To more easily understand the operation of the system, the operation of a single photo element (e.g. 12) is detailed. Assume that the photo element has just been read out and that its internal node N1 is initially at a quiescent voltage of approximately zero volts. A positive reset voltage step of amplitude VA applied to a row conductor (e.g. R1) is capacitively coupled to the internal node N1 of the element. The potential at node N1 then rises by VA volts at the beginning of a charge integration period. Referring back to FIG. 1C a potential well of depth "K" is formed when VA is equal to +10 volts.
Light incident on the photo element causes photo diode D1 to discharge node N1 towards the substrate potential (e.g. ground). The period during which incident light is allowed to discharge the photo element is defined as the integration time or "frame" period and, in TV applications, is normally 1/30 of a second. When the positive voltage step applied to the row conductor terminates (e.g. goes from VA to zero), the capacitive coupling from the row to the node N1 causes it to go negative by an amount approximately equal to VA. Emitter diode D2 is, then, momentarily forward-biased causing an electron current to flow through the D2-D3 transistor to the column conductor in proportion to the amount by which the node N1 had been discharged by the light. The charge signal which had been developed at node N1 is thus redistributed between the elemental capacitor S1 and the column conductor capacitance (e.g. CAP 2) shown in dashed line. Since the column conductor capacitance is much greater than S1 substantially all of the photo electron charge is transferred from the elemental capacitance to its corresponding column conductor. Due to the relatively large column capacitance, the column voltage is lowered by an amount ΔVC which is small compared to the photo element signal voltage. The signal ΔVC transferred to the column conductor is then sensed by recharging the column conductor capacitance and by measuring the current, voltage, or charge needed to restore it to its original condition.
The operation of the matrix array of FIGS. 1A and 1B (as represented in FIG. 1D) is now explained with reference to the waveform diagrams of FIG. 1E. Assume by way of example, that at time t0 the driving potential V1 applied to row R1 by scanner 110 makes a negative going transition from +10 volts to 0 volts. This terminates the "integration" cycle of the elements along row R1 and causes the charge accumulated at the internal node N1 of each photo element along selected row R1 to be transferred or redistributed onto the capacitance of its associated column conductor.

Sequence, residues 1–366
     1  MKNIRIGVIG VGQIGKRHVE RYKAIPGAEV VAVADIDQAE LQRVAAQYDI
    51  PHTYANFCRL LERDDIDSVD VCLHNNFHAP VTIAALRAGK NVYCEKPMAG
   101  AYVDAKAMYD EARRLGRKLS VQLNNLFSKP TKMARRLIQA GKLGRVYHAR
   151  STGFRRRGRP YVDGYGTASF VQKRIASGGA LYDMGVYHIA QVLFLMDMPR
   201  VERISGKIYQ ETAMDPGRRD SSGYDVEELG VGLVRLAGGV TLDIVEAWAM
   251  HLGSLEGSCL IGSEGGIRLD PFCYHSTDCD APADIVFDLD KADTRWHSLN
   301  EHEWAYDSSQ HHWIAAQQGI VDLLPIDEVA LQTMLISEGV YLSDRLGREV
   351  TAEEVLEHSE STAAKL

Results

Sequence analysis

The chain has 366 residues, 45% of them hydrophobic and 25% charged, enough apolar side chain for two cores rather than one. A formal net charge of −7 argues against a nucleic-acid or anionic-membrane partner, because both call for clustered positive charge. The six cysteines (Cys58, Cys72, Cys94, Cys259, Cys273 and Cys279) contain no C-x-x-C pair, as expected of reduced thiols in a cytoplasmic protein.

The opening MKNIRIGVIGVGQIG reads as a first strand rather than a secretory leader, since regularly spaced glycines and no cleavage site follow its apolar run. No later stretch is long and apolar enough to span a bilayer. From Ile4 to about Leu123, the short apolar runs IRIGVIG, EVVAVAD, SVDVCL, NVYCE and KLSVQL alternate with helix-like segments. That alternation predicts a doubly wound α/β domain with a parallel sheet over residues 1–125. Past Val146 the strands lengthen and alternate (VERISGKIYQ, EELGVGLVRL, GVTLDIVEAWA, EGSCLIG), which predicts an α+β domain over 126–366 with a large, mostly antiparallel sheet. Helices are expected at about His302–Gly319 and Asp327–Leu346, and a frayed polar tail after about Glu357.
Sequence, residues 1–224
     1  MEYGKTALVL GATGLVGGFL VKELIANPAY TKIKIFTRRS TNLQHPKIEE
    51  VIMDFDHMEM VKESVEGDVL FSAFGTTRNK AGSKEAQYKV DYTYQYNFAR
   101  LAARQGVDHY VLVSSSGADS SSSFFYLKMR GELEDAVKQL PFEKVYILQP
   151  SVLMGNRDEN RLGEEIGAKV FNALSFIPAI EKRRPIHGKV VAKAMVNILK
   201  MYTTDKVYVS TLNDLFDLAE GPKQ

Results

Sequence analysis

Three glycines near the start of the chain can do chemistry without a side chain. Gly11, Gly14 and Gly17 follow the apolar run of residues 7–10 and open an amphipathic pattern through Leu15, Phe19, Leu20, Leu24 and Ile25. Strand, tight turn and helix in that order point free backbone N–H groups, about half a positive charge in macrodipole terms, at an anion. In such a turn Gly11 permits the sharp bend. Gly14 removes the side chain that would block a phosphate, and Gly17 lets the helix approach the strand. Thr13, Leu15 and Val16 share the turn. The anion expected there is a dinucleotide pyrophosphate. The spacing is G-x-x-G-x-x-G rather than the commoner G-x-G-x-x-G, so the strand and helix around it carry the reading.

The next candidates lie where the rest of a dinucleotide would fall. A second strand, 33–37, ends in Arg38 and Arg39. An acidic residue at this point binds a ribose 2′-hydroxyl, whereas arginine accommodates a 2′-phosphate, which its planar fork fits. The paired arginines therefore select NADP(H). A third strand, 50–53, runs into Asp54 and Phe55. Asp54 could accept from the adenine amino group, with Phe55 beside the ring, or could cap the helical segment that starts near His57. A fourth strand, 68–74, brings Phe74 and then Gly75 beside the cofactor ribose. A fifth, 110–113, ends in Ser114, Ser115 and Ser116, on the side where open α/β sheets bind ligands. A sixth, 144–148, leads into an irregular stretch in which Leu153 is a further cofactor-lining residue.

The horizontal scan pulses (H1, H2, H3, H4) cause the switching transistors (T1, T2, T3, T4) to be sequentially turned on. When a switching transistor is turned on a current flows from terminal 118 through resistor 116 and via the conduction path of the turned on switching transistor onto its associated column conductor. This current recharges the column conductor capacitance and the photo element node N1 to their initial values. Since the amplitude of the recharging current is proportional to the accumulated charge signal a video output is produced at terminal 114 which is also proportional to the photo signal. After all the column conductors are recharged, the elements along another row (e.g. R2) are read out and recharged. This process is repeated until all the rows of the array have been read out.
It should be appreciated that diodes D2-D3 are merely symbolic representations of the blocking action of the barrier gate during the charge accumulation mode and have been used only to ease the explanation of an operating mode of the array.
It has been shown that during the charge collection ("integration", or "accumulation") period a photo element, is isolated from any other element or column conductor by means of the guard band and barrier gate surrounding the element. It is only when the overlying row conductor is pulsed that the element's stored charge rises above the potential barrier of the barrier-gate and is transferred to a column conductor without the need for an intervening switch in the signal path.
The structure of FIGS. 1A and 1B may be modified as shown in FIGS. 2A and 2B.